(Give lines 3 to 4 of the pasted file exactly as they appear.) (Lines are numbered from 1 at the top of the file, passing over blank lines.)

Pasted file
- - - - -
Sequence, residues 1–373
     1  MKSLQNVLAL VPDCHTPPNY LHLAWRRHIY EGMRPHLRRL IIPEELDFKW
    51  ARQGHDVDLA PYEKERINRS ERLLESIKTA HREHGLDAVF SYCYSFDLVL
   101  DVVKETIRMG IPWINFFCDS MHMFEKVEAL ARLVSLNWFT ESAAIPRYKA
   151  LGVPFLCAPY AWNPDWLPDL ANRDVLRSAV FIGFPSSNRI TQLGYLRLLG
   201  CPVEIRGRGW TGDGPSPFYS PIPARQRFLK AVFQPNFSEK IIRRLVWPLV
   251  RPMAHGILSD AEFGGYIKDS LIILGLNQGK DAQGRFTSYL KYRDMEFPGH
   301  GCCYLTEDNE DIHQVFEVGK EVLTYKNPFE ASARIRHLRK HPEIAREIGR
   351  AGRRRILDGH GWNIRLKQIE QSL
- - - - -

    51  ARQGHDVDLA PYEKERINRS ERLLESIKTA HREHGLDAVF SYCYSFDLVL
   101  DVVKETIRMG IPWINFFCDS MHMFEKVEAL ARLVSLNWFT ESAAIPRYKA